It is difficult to read a new book on Liturgy (have you bought Burnham yet?) without coming across suggestions about the reintegration of the ancient Western cursus of Sunday Eucharistic readings as we find it in the EF and (with a dislocation or two) the BCP. Here is Hunwicke's view, arising out of many years of ORDO compiling.
Make the traddy cursus a fourth option - D to follow on from A, B, and C (it could be allowed additionally to be used optionally in place of any of the other three, just as those long Lenten Johannine Gospels in year A are permitted in other years too).
Practically, this would reduce the number of different combinations of the Sunday Three Year Cycle with the Weekday Two Year Cycle which we poor lectionary compilers have to juggle with. At the moment we have A1, B2, C1, A2, B1, C2 - six possibilities. Under my scheme we would only have four combinations: A1, B2, C1, D2. And, since, for example, Sunday Year A would always coincide with Weekday Year 1, it would make some fine tuning possible, to avoid duplications between the two systems or to open up some intertextualities, for those who still hunger for 'improvements'.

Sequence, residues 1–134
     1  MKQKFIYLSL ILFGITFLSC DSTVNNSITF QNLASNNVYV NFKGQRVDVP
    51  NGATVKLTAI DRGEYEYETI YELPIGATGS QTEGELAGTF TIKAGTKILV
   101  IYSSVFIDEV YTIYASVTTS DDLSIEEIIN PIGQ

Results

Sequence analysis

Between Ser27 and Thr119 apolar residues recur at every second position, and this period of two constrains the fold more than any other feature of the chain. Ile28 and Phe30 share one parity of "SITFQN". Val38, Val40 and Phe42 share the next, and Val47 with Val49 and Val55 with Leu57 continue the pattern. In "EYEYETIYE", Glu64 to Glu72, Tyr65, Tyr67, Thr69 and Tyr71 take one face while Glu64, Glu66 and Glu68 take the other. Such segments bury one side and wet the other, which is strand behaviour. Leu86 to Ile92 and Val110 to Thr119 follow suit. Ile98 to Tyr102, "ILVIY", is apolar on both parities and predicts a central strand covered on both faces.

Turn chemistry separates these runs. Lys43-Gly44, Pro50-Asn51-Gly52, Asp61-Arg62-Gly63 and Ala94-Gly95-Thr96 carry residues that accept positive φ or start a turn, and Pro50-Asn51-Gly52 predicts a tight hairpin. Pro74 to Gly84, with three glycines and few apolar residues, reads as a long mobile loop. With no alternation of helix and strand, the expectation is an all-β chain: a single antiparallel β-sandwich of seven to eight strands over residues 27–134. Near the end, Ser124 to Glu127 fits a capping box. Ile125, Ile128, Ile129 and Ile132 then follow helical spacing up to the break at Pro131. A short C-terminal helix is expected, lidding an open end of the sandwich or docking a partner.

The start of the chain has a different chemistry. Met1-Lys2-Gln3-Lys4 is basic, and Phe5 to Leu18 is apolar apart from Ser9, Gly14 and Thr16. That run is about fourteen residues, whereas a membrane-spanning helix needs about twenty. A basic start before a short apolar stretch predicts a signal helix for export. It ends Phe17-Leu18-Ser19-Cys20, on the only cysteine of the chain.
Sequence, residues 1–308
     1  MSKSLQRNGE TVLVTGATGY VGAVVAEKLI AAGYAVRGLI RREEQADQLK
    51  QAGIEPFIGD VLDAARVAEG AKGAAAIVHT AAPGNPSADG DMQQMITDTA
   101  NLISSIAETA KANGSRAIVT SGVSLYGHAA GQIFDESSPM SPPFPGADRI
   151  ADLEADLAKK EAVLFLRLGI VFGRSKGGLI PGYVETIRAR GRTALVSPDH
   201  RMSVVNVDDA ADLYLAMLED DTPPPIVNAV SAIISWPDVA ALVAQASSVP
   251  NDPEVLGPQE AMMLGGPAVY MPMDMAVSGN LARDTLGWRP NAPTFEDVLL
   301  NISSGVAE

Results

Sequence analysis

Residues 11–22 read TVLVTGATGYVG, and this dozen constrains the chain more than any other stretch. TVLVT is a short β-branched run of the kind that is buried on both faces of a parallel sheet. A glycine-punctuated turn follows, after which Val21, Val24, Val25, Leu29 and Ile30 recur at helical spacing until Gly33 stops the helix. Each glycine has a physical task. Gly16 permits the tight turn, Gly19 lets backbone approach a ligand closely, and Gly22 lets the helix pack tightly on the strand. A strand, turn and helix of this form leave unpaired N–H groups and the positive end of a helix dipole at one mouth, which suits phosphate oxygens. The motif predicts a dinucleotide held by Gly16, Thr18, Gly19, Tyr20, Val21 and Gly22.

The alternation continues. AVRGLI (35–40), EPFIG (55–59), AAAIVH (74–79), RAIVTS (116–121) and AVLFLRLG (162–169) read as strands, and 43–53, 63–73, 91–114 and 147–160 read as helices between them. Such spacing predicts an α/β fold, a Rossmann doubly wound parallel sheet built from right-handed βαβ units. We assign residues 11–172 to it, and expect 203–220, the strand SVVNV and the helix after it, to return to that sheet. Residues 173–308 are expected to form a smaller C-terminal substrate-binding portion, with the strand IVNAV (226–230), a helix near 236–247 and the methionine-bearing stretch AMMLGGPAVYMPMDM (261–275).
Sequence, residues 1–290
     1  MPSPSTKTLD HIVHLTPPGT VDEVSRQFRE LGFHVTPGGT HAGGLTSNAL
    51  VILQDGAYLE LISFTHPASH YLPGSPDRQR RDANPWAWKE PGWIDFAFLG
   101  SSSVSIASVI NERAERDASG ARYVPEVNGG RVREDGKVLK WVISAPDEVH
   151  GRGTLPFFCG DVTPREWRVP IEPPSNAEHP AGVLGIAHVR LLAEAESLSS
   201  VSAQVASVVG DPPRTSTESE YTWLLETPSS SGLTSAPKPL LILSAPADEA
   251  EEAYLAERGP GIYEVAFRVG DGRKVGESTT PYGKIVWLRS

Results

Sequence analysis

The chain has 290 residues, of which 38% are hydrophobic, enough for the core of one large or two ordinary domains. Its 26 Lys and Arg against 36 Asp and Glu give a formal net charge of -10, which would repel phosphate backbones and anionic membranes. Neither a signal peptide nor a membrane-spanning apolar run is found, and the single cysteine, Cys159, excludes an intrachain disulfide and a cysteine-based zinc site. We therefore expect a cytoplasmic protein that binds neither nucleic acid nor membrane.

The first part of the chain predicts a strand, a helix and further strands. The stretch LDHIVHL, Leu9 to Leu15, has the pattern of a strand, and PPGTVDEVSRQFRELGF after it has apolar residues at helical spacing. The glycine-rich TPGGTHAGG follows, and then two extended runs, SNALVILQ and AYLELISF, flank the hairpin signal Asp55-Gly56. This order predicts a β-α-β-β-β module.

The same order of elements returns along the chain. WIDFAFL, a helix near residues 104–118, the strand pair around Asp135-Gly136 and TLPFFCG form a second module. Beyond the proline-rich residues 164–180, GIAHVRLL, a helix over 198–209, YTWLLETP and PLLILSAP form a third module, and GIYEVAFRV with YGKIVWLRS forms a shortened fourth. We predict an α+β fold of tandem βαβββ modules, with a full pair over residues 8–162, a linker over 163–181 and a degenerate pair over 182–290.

It is conceivable that clergy would come under pressure to favour the D cycle from lay people anxious to soak themselves in the Old Testament through their private Bible Study rather than through the public worship of the Church.
And if the old series of Sunday Collects were made optionally permissible, both forms of the Roman Rite would be able to feed each other.
All sorts of interesting pennies could drop as to why such a reading in the D cursus crops up at such a time of the year ... for example, why Luke 5 (the Gospel of Pentecost IV and Trinity V) comes near 'Petertide'.